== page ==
Tome Ishi – Please Stay Out

© Atala Dorothy Toy

Tome Ishi – Please Stay Out

A tied rock is a polite Japanese folk message that you’ve reached a private boundary point. They call this tome ishi. A tied rock also helps you define your own particular private space. This is a Limited Edition art photo.

More Information

This art photograph has been released in the following sizes and editions. Please contact me if you have needs of a different size print:

Photo: 7.5  x 10 inches | Paper: 8.5 x 11 inches | mat: 11×14 inches | edition: 50
Photo: 12.75 x 18.75 inches | Paper: 13 x 19 inches | mat: 18 x 24 inches | edition: 50 + 2AP
Cards: 7 x 10 inches folded with envelope | open edition

The History of Tome Ishi

Tying rope around a rock and placing it at an entry way is a subtle Japanese shorthand for “Please Do Not Enter.” The Japanese call this tradition a tome ishi (stop stone), or sekimori ishi (boundary-guard stone).

I like this tome ishi image for its gentle spirit. This photo can be used as a polite sign for anyone living in a group setting. Simply hang the photo on your door those times you wish to be left alone!

tome ishi a “soft barrier” politely telling visitors not to enter an area. You traditionally see a tome ishi in Japanese gardens, especially those with tea houses. They are directional markers, guiding guests past various turn offs and along a prescribed scenic route.

They are used culturally in other settings as well, such as politely informing people a restaurant or a scenic route is closed.

A Japan Times article gives history on this device:

In legend, at least, sekimori ishi are linked to the great tea master Sen no Rikyu (1522-1591). The story, as recorded in a renowned tea tome called the “Nanporoku,” is that Rikyu once invited a famous Zen priest to call. But before the priest arrived, Rikyu placed a little pot in front of the door, wordlessly and playfully challenging his visitor to find a way in without crossing this symbolic barrier…

No one knows whether Rikyu really did this, given that the story was recorded a full century after his death. And no one knows who decided to use a stone instead of a pot. But one way or another, the convention developed in tea circles of marking boundaries with a tied-up stone. Even today, part of the preparation for a tea ceremony is to set out these stones, not only to guide guests to the tea house but also to express the host’s desire to help guests follow the correct spiritual path….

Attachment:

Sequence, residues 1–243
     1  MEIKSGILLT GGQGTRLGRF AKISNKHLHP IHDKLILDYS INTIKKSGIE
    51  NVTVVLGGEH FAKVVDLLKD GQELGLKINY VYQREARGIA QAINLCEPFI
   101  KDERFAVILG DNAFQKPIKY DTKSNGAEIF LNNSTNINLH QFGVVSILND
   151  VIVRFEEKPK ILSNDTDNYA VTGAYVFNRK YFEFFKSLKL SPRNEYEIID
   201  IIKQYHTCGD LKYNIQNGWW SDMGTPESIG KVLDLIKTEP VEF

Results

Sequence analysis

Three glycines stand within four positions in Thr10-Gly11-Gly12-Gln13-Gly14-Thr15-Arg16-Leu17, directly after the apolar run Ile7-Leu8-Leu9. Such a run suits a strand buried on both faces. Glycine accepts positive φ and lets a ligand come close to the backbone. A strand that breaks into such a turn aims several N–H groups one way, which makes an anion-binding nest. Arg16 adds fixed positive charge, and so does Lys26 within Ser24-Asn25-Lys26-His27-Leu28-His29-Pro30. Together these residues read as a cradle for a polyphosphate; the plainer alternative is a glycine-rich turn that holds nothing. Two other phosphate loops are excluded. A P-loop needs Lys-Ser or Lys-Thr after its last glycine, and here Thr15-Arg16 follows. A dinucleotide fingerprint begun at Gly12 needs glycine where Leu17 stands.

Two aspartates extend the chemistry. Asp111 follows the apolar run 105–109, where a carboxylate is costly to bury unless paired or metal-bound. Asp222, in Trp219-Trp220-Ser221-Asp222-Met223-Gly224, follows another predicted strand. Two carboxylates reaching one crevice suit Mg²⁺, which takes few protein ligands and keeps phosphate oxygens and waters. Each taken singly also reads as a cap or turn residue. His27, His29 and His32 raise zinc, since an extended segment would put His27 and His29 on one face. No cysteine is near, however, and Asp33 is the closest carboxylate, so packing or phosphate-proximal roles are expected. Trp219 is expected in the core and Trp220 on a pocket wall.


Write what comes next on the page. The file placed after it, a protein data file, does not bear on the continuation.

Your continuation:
I’m charmed by the concept of a hard object as such a “soft” barrier. If you think about it, a little rock isn’t going to keep out anyone determined to get in. You could step right over it, if you were so inclined. The magic of these rocks is that they work by tacit agreement, an understanding between host and guest….
Stone Path Through a Japanese Garden

From Tome Ishi by Alice Gordenker in the Japan Times

This Tome Ishi gently closes entry to the pathway (left) of the Japanese Garden at the Chicago Botanic Garden.

Print Details

This is a limited edition art photograph and is available only until its designated run length is reached.

I handprint each photograph myself, using archival-quality ink on 60 lb 10 mil thick acid free archival-quality matte paper. The image is signed and numbered on the back and arrives with its own uniquely numbered Certificate of Authenticity. The digital watermark visible on the internet view of this piece is not present on the print itself.

The photographs are set in thick quality buffered–pH Neutral matting. The 5×7 cards with envelopes are open editions, also printed with archival-quality inks on archival-quality paper.

I offer free shipping within the United States. The photos are shipped taped to their mat, between two mat board backings, inside a custom-size heavy cardboard envelope/sleeve.

Contact me by email – info@atalatoy.com – for shipping to other countries.

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